When I started my sentence in 1999, I was married, we had two offspring. I haven't had contact with any of them since 2004. My mother was still alive and well, as was my oldest sister and best friend (Dolly). Mom and Dolly were my strength and only support as time progressed. I never really fit-in or gained the acceptance of my immediate family. My alienation increased proportionately with my offence; as a result I haven't had contact with any of the 5 remaining siblings or their extended familes.

I've always been insecure and have been diagnosed with having Alexithymia and separation anxiety; making the idea of any relationship daunting. Being incarcerated made me feel desperate, uncomfortable and distressed. My ex-wife did what she could to comfort and reassure me during our relationship, then subsequent marriage. She completed me, filled the void and created a sense of security I could believe in. She decided to stand by me, even after I devastated our lives. I worked as hard as I could to maintain what was left of our marriage and relationship, for us. The first 6 ½ years of my sentence I worked hard to maintain my correctional plan. I participated in and completed all programs that were offered with the intention of cascading down in security.

Our Relationship problems became apparent to me in 2004; the marriage was continuing only through the grace of my ex-wife. Near the end of 2004 when she finally reached the limit of her mercy and decided that she no longer had the ability to support our relationship and marriage; I was devastated. I understood why, but that didn't help, I slipped into self-destructive and aggressive behaviour. With respect to the others in my environment, I was confrontational and abusive. My drug use began again in earnest, reinforcing my self-loathing and alienation. It didn't take long before I attempted suicide. I spent the next year between 3 different institutions lost inside myself. Having been raised a "Christian", I felt that I had been abandoned by my faith and its establishment.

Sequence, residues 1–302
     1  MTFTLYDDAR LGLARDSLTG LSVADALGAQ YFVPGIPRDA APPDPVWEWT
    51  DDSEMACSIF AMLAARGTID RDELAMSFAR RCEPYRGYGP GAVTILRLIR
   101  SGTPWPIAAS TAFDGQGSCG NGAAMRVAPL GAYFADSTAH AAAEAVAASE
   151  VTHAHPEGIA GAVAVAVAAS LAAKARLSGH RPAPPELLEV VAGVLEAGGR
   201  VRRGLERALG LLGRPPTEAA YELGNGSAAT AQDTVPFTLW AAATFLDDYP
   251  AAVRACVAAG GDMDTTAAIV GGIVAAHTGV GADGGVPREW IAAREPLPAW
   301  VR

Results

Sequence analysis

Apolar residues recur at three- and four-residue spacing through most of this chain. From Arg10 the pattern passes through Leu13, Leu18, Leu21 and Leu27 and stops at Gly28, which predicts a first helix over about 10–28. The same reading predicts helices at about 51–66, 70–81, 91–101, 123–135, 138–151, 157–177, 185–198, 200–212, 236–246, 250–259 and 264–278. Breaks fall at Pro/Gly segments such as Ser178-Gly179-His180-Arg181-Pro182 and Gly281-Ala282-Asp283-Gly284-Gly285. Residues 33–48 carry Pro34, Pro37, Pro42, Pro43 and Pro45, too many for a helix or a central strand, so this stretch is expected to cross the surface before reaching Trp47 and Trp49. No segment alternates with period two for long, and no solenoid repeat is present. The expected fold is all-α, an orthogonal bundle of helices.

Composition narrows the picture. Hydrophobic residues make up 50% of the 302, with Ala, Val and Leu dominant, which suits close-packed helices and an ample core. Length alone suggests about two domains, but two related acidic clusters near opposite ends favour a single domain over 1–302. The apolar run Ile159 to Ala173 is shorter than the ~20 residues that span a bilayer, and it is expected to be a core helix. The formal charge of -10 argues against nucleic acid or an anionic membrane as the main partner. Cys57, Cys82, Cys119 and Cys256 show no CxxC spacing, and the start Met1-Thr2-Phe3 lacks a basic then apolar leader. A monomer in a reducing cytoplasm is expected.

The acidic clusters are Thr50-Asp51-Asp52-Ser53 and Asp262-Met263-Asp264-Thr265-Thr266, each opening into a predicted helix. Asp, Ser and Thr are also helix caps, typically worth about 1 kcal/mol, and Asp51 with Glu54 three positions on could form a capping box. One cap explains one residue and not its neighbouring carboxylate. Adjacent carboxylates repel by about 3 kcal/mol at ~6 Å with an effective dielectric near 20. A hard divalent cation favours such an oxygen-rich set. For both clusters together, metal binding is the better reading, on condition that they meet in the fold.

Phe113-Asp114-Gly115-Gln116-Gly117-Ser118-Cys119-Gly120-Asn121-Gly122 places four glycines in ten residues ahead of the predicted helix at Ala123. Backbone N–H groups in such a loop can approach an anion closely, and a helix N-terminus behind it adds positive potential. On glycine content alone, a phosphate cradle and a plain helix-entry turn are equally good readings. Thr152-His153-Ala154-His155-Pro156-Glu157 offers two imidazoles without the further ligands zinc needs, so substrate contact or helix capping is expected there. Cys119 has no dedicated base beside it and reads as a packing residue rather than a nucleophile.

In 2005, a true friend realized my situation and encouraged me to attend a Wiccan circle. I could see how the experience of the group was benefitting him. He was calm and more focussed than I remembered, so I agreed. My first encounter with the Wiccan faith changed all of my assumptions and proved that it was everything but the hodgepodge, hocus-pocus it had been purported to be. The Priestess was named "Merlin". That made me smile, she and the circle were welcoming and friendly and I felt none of the judgement that normally occurs when a person joins an existing group. That was relaxing and gave me a sense of inclusion.

I hadn't been looking for anything spiritual, but I feel like I had found something significant and fulfilling that day. That day was in early 2006, and ever since that day I have attended every Wiccan circle and Wiccan celebration I've been able to attend. I became a registered member of "The Lilith Temple Society" in October of 2007.

With the guidance and the principals of thee Lilith Temple, I've developed a great appreciation for the life energy in all living things. I regained my self-worth, attained the value of belonging to a faith that believes and exemplifies the greater good. In 2006 [the Wiccan priestess], and the Lilith Temple, helped me through trying time that was my divorce. Kate representing the Lilith Temple gave me a sense of purpose and helped me cope when my oldest sister died on Nov. 25 2008 and again 3 months later, when my mother died on feb. 3 2009. this is obviously a trying time for me as it would be for anyone who lost loved ones in such a short period of time. It was the Lilith Temple and the faith I received that helped me accept the tragedy of my life, and how to understand my role in this universe; how that positive energy can and does affect everything.

I believe that after a life of making bad decisions I found a belief system that not only am I a part of everything, I can also make a beneficial contribution with positive behaviors and energies.

I do know that the Wiccan faith is the path that I will follow the rest of my days here and beyond to the Summer Land.